The Best Foods to Eat After You Give Blood

Doctor talking to man giving blood in hospital
The Best Foods to Eat After You Give Blood (Image: Keith Brofsky/Digital Vision/Getty Images)

Giving blood is a potentially life-saving act that helps trauma and surgical patients maintain healthy blood levels. While the donor process only uses qualified individuals and investigated practices, you can experience side effects like lightheadedness, fatigue and loss of consciousness after giving blood. One way to minimize these risks is to monitor what you eat following blood donation. Eating the right foods afterward can help replenish lost iron and vitamin stores.

Iron-rich Foods

Boy With an Orange in His Mouth at Breakfast and His Father in the Background
Eating foods rich in vitamin C, like citrus fruits, increases absorption from plant sources of iron. (Image: Digital Vision./Digital Vision/Getty Images)

Iron is a component in your blood needed to carry oxygen to your tissues. Without iron, your body cannot maintain or produce healthy red blood cells. Because your body must begin to make new blood cells, eating foods that contain iron after giving blood can give you a good start. Examples of iron-rich foods include spinach, red meat, fish, poultry, beans and raisins. Nuts and peanut butter also contain it. Iron also fortifies some cereals -- read the nutrition labels to ensure the food contains iron. Eating foods rich in vitamin C, like citrus fruits, increases absorption from plant sources of iron.

Foods Containing Folate

Bowl of cereal with spoon and edge of plate with pastry on it, close-up
Fortified breads, cereals and rice also can contain this vitamin. (Image: Medioimages/Photodisc/Photodisc/Getty Images)

Your body uses folate, also known as B-9, folic acid or folacin, to manufacture new red blood cells. This helps to replace blood cells lost during donation. Foods that contain folate include liver, dried beans, asparagus and green, leafy vegetables like spinach, kale and collard greens. Orange juice is another source of folate. Fortified breads, cereals and rice also can contain this vitamin.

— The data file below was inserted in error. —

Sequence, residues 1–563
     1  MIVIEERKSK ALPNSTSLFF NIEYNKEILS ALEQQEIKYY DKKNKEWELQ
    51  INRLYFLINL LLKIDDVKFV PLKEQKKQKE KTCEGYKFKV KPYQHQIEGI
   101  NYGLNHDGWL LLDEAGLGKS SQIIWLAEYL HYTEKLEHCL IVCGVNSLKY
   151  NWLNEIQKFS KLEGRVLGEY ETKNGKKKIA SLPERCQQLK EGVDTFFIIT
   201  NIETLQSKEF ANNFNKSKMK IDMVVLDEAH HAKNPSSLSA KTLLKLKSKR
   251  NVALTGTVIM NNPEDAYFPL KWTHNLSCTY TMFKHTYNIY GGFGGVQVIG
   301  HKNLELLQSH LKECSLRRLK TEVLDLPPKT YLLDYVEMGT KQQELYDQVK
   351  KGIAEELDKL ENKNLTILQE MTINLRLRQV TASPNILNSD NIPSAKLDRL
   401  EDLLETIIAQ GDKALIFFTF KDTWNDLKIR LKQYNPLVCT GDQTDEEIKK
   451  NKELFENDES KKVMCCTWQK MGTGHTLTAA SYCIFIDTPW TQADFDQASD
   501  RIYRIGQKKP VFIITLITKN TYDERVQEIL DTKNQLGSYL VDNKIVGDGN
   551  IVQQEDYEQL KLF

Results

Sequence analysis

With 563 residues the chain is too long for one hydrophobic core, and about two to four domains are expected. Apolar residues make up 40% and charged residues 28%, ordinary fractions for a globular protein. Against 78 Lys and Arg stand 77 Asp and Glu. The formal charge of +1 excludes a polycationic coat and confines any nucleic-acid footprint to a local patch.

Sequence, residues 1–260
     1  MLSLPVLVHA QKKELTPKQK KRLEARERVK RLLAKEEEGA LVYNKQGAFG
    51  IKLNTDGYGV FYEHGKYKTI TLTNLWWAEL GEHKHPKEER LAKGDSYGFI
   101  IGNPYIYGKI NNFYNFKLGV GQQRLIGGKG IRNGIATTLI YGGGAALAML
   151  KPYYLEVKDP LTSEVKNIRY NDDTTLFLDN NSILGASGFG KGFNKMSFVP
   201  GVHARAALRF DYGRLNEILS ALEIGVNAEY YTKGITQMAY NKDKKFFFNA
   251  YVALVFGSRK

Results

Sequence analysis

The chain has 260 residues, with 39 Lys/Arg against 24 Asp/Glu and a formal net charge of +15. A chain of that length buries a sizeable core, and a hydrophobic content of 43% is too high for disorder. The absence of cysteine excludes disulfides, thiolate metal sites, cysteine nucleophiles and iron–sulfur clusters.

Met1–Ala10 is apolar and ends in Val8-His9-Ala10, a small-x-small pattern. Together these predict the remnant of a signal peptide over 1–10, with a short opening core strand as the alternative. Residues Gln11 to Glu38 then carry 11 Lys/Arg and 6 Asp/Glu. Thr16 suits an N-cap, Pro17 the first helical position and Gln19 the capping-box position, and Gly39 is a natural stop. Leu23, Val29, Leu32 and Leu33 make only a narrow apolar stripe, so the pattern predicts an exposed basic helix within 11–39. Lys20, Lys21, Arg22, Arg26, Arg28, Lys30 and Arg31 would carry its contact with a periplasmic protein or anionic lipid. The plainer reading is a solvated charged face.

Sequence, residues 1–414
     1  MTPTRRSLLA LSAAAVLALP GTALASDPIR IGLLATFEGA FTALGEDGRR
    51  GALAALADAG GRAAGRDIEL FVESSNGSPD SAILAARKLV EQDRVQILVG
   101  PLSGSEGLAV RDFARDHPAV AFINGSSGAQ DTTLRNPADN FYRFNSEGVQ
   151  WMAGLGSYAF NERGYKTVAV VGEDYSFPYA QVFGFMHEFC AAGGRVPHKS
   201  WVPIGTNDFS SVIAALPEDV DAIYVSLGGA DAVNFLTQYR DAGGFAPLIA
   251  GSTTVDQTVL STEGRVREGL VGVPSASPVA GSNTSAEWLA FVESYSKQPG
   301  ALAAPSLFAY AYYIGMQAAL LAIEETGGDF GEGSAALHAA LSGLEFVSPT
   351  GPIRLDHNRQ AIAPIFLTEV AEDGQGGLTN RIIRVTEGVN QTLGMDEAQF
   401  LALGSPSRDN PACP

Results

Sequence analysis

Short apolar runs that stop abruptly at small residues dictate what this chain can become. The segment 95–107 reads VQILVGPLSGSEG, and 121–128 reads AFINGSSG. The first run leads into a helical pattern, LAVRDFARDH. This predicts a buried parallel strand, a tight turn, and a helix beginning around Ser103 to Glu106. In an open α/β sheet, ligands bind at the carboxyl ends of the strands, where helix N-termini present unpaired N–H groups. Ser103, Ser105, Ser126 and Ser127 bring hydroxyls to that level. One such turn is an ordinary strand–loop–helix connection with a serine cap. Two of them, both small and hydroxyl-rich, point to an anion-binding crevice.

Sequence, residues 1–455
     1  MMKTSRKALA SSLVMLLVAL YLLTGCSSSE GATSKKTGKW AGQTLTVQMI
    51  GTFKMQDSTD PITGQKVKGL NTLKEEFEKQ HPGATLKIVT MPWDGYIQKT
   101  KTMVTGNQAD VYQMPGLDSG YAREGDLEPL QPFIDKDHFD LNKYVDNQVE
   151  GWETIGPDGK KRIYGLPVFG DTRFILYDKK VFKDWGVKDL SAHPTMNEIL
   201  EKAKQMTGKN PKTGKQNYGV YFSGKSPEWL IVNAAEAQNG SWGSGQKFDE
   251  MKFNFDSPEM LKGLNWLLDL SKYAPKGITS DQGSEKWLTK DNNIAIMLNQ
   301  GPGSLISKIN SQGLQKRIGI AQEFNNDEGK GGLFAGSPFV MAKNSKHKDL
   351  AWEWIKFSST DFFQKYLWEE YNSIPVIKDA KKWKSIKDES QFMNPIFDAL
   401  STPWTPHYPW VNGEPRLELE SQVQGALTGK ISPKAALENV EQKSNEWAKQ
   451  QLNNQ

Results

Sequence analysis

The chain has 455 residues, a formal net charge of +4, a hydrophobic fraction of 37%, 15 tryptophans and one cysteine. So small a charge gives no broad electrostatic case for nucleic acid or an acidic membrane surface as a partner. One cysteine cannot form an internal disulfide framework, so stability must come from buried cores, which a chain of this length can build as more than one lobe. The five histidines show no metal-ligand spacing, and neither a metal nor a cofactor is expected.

Foods With Riboflavin

close-up of a strawberry yoghurt and spoon
Dairy products like milk and yogurt also are good sources of riboflavin. (Image: George Doyle/Stockbyte/Getty Images)

Riboflavin or vitamin B-2 is another vitamin necessary to produce red blood cells. Riboflavin helps your body turn carbohydrates into energy for the body. Since giving blood can make you feel weakened, this energy can benefit you. Foods containing riboflavin are similar to those that have iron and folate and include eggs, peas, nuts, leafy green vegetables, broccoli, asparagus and vitamin-fortified cereals. Dairy products like milk and yogurt also are good sources of riboflavin.

Vitamin B-6 Foods

Close-up of a peeled banana
Examples of vitamin B-6 foods include potatoes, bananas, seeds, nuts, red meat, fish, eggs and spinach. (Image: Medioimages/Photodisc/Photodisc/Getty Images)

Foods with vitamin B-6 have a number of benefits after you give blood. Your body needs the vitamin to build healthy blood cells and it helps the body break down proteins. Because proteins contain many of the nutrients you need after giving blood, eating vitamin B-6 foods can be helpful. Examples of vitamin B-6 foods include potatoes, bananas, seeds, nuts, red meat, fish, eggs and spinach.

Don’t Forget Fluids

Eating a meal after giving blood can help you regain energy and start your body on its way to rebuilding lost blood cells. Don’t neglect the importance of fluids along with the foods you eat. Drinking fluids 24 to 48 hours after giving blood is vital in helping your body to readjust. During the 24 hours after blood donation, the American Heart Association recommends that you avoid alcohol and increase your water consumption by 4 cups.

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